ECW’s good friend Michael Hardy, one of the best regimental-level historians working in the business today, took to the stage in the late morning to talk about the last days of the Confederacy in North Carolina. Of course, the last major battle of the western theater–by that point, all the way in eastern North Carolina–took place at Bentonville and the largest surrender of Confederate forces took place at Bennett Place in Durham.
So why does North Carolina’s ample Civil War story get so overlooked? Join me at ECW’s YouTube page for a quick conversation with Michael to find out more!
Save the date! Save the date! July 20, 2019
Pack your cold water bottles and some snacks and head to Virginia’s Shenandoah Valley. Located east of Winchester and Berryville, Cool Spring saw Civil War fighting on July 16-20, 1864, as Early retreated away from Washington and back into the shelter Virginia’s Valley.
Go explore this history and the preservation/interpretive efforts at this unique battlefield site. What better weekend than the anniversary of the battle? Continue reading
“I’m here to talk to you a little bit about the War of 1812,” said ECW’s Bert Dunkerly when he took to the stage this morning at the Trust’s 2019 Teacher Institute.
The war is forgotten and misunderstood, Bert said, particularly because it’s overshadowed by the Revolutionary War before it and the Civil War after it. But he did offer some compelling themes to consider: Continue reading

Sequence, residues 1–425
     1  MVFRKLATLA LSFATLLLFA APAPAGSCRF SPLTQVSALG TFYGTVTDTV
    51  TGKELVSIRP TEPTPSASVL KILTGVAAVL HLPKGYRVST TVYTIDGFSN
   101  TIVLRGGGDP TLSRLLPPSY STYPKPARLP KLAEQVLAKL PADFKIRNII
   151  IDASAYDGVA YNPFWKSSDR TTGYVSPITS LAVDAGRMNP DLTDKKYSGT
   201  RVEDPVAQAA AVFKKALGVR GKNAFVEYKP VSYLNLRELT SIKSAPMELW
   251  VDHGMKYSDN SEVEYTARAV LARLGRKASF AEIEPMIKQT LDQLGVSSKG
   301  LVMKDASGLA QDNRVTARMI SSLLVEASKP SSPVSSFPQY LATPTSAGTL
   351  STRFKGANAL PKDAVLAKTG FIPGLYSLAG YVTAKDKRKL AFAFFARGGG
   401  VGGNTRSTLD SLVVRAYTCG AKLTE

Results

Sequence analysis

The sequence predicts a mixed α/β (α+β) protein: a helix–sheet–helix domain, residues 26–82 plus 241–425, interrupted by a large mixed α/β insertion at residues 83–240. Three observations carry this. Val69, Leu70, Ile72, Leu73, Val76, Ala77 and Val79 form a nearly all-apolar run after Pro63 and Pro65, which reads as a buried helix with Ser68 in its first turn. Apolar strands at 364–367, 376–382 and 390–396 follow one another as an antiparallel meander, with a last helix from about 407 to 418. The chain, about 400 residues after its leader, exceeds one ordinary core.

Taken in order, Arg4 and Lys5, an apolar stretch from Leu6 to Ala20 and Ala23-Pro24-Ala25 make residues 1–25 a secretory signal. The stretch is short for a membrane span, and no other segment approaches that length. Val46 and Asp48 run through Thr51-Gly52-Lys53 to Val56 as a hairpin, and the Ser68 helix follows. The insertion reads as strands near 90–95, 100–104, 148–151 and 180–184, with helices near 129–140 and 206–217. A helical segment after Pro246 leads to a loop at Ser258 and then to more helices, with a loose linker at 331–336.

As a college professor, I don’t have to sit through many lectures (and I seldom, if ever, actually give any, preferring discussion-based lessons instead). So, it’s been a while since I’ve sat through a lecture and even longer since I’ve sat through one I really enjoyed. My ECW colleague Derek Maxfield gave me that pleasure yesterday afternoon, which is a little ironic considering the grim nature of his topic.
Derek spoke at the American Battlefield Trust’s 2019 Teacher Institute about a topic that stems from his upcoming ECWS book Hellmira: The Union’s Most Infamous Prison Camp of the Civil War. Specifically, he called prisoner of war camps “The Great Humanitarian Tragedy of the Civil War.”
“This a dark corner of the Civil War,” he told the audience. “It’s one of the darkest corners of the Civil War.” Continue reading
image courtesy Garry Adelman
During his session yesterday discussing the eastern theater versus the western theater, Kris White took a few minutes to define the theaters of war.
The eastern theater included Pennsylvania, Maryland, and Virginia. “It was essentially concentrated in a 200-mile corridor between Gettysburg and Petersburg, then over to Appomattox, with most action between D.C. and Richmond,” he said. Continue reading
Once upon a time, in a decade not our own, a young “emerging” historian wrote a thesis paper for his master’s degree at Norwich University. The paper examined the eastern theater and the western theatre and asked, “Where was the Civil War won?”
In 2013, that thesis served as the basis for an extended blog series at ECW: “Eastern Theater vs. Western Theater.”
Today, that historian, Kris White, now the education manager at the American Battlefield Trust, tapped into that same discussion for a workshop at the Teacher Institute. “This is what I did my thesis on,” he tells the full house that’s crammed into Salon D to hear him. “So, I’m being lazy,” he adds, chuckling. Continue reading